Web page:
Each year, thousands of victims file an asbestos lawsuit after receiving ultimately fatal exposure at the hands of callous and negligent big-business tycoons. Just to put the exorbitant number of claimants into scale, a recent investigation conducted by the Wall Street Journal (WSJ) reviewed 850,000 asbestos injury claims that had been filed from the late part of the 1980s all the way through 2012—that’s almost one million claims in less than 25 years.
While the reasonable conclusion is that most of those cases appropriately documented legitimate incidents of asbestos exposure, the newspaper’s investigation was intended to appraise incidents of fraud. And in fact, it did produce supporting evidence that such fraud was in existence, though at what exact rate of incidence seems to remain unclear.
The WSJ inquest found as many as 2000 asbestos lawsuits, which had been filed against one former asbestos manufacturer alone, with peculiar and unsettling evidentiary grounds that seem to suggest a reasonable suspicion of fraud. For instance, many claims presented timelines that placed the claimant at less than 12 years of age during the period of alleged occupational exposure—a highly unlikely scenario in reality.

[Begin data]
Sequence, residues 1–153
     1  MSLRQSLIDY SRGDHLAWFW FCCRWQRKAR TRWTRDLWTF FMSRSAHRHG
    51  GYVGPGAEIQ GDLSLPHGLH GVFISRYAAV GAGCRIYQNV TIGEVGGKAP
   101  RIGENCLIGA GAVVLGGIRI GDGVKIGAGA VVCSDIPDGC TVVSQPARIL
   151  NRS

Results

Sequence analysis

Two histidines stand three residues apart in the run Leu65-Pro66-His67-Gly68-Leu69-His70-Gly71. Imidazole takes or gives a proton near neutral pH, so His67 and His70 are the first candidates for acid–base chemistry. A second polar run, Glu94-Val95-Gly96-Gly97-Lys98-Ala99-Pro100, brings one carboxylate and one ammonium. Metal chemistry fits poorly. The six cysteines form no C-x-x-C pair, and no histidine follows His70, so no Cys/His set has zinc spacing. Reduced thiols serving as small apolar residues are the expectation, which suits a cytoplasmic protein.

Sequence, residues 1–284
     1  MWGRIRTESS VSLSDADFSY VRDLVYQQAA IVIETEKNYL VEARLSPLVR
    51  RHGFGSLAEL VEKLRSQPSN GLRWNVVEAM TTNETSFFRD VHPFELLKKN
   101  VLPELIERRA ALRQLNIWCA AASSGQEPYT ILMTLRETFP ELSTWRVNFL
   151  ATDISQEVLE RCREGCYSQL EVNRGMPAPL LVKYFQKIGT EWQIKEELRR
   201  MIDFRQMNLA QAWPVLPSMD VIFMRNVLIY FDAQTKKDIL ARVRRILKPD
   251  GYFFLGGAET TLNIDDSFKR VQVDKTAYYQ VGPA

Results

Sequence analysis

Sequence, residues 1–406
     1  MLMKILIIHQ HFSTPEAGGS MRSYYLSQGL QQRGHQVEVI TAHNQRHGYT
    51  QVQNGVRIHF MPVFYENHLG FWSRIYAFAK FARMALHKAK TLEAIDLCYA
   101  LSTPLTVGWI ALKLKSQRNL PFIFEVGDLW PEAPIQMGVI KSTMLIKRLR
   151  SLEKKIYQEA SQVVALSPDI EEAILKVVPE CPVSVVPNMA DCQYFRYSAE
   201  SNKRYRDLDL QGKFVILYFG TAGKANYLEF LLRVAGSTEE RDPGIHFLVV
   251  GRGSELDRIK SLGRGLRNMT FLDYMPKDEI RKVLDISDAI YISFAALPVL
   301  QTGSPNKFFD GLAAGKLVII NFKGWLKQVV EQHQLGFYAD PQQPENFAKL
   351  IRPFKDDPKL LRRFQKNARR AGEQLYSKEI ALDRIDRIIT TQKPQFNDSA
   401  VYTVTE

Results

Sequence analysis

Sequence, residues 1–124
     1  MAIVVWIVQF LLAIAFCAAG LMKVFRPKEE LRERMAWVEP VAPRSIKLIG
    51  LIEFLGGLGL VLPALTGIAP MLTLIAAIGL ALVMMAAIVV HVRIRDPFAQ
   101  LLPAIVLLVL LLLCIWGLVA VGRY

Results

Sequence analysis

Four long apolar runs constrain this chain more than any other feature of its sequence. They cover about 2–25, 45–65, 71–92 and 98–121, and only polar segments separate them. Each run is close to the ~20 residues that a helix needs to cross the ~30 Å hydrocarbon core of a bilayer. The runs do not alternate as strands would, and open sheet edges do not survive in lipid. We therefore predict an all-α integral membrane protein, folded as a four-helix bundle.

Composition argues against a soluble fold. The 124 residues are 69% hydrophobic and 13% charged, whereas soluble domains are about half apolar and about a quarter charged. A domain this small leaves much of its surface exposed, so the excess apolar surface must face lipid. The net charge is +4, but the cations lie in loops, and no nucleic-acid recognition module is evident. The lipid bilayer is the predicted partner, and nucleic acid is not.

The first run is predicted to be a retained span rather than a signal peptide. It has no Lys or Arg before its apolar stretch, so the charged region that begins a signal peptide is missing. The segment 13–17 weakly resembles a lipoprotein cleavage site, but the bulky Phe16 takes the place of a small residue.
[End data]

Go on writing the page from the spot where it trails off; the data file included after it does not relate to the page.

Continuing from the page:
Unfortunately, audits like the one conducted by the WSJ are usually left to the responsibility of claim-payers (most often, asbestos trust funds that have been established by now-bankrupt businesses). And it is often argued by attorneys who represent those defunct companies in asbestos lawsuits filed against them that conducting such audits more than periodically or implementing additional theft prevention methods are both costly expenditures—costs that would drain money intended to help victims of malignant mesothelioma and other asbestos-related illnesses.
And though some sources do report allegedly “rampant” fraud and abuse of the system, other research studies have shown evidence that directly contradicts that conclusion. One recent report estimated the incidence of fraud at only 0.35 percent—a negligible amount within the massive scope of legal reach that the modern-day asbestos lawsuit has had.
It’s also important to note that fraudulent asbestos claims come with a high price, and not just for the false claimant. Law firms who are found to have represented those claimants are also subject to severe punitive action—like the firm that was ordered to pay almost half a million dollars to the defendant listed is the original claim. In the end, regardless of how prevalent or rare it may be, the facts show that asbestos fraud is hardly worth the risk.